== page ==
This plenary session was clearly dominated by the debate on how to share the spoils after the British MEPs vacate their seats in 2019. The key event was the failed initiative to establish a joint constituency with transnational lists for the upcoming EP elections. On the other hand, most EU Parliamentarians renewed their support for the Spitzenkandidaten process and threatened to reject any other potential candidate to the Presidency of the European Commission. Continue Reading
This was a bad plenary session for the French President, Emmanuel Macron. One of his key proposals, namely using some of the remaining British seats in order to establish to a pan-European electoral constituency for future EP elections, was rejected by a small majority of MEPs (54%). In particular, the proposal was blocked by the staunch opposition of the European People’s Party that labelled it as a “centralist and elitist artificial construct”. Continue Reading
‘‘European Liberals seek champion for upcoming elections’’ would not be out of place among the latest job openings on the website of the Alliance of Liberals and Democrats for Europe (ALDE). For the European centrist family, it is indeed crucial to lead a decisive campaign in 2019 to gain weight on the European stage and to finally emerge as a leading force rather than remaining stuck between the right-leaning EPP and the left leaning S&D. Continue Reading
As our previous report on the ‘unusual’ voting behavior of the Finnish MEP Sirpa Pietikäinen showcased, the positions taken by EU Parliamentarians sometimes diverge from the official lines of their political groups.
Indeed, the political affiliation of MEPs is not the only factor that shapes their voting behavior. There are many other factors that influence MEPs’ behavior, such as their nationality, personal background and beliefs. Continue Reading
The latest plenary session of the European Parliament featured heated Parliamentary debates, “odd” voting behavior by EU Parliamentarians (MEPs) and European groups splitting on the most controversial issues. This report highlights the political dynamics underlying the most important decisions from the November EP plenary session, revealing how political groups and individual EU Parliamentarians aimed at shaping these decisions. Continue Reading
Because of its central position within the political spectrum, ALDE/ADLE is currently the main kingmaker in the EP. The positions adopted by this political group are often decisive in swinging the outcome of votes, when the two largest groups (EPP and S&D) are in disagreement. For example, this is often the case with regards to environmental policy, where the two largest EU political families are backing different regulatory approaches. Continue Reading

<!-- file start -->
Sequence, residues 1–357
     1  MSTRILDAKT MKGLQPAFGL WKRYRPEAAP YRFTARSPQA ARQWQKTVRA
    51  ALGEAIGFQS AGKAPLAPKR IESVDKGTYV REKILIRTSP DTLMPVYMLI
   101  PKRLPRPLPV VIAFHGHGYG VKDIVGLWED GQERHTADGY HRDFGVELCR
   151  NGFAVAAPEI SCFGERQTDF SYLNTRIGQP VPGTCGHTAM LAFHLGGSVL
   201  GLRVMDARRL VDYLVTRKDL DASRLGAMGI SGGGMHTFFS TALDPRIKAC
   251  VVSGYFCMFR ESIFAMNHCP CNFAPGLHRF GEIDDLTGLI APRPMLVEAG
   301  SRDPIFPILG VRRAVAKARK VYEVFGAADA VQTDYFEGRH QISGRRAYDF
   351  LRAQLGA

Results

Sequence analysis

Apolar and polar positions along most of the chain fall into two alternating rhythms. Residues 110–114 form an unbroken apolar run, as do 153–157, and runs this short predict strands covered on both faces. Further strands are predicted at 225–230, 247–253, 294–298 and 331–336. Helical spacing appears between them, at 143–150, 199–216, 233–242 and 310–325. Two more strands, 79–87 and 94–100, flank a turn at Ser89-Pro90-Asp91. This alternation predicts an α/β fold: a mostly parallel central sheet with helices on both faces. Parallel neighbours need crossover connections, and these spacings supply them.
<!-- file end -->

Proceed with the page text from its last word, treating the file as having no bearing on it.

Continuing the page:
The EU parliamentary session of late October 2017 was definitely rich in political developments. Politicians fought over who should get how much of the EU money, over the rules for fertilisers and, in an interesting turn of events, a majority ultimately agreed to a prolongation of the use of glyphosate. Each of the new rules on the protection of whistle-blowers was fought tooth and nail, with just a few votes making the difference every time. Continue Reading
European Commission took another beating from the Parliament: its definition of endocrine disruptors gets rejected
The frustration of the bureaucrats in DG Health and Food Safety must be reaching a new high, as the elected EU politicians block their agenda once again. After being slapped with the rejection of their plans to approve a new genetically modified soybean, the Parliamentarians had an issue with the Executive’s definition of endocrine disruptors too. Continue Reading
While most of the attention during last week’s EP plenary was focused on President Juncker’s speech, several other important (and under-the-radar) developments caught our attention, which will make the object of this report. At VoteWatch we focus on concrete facts (ie. decisions made), rather than promises or broad statements: we combine our statistical expertise and qualitative political insight to provide the most accurate (and non-partisan) reporting of EU politics’ trends. Continue Reading
The mid-term reshuffle of the key positions in the European Parliament was more than just switching individual MEPs from one position to another: it also resulted in significant gains and losses of influence among some national delegations.
The reshuffle entailed the elections of the new members of the EP bureau, the chairs and vice-chairs of the committees and the political coordinators of the groups (in each of the parliamentary committees). Continue Reading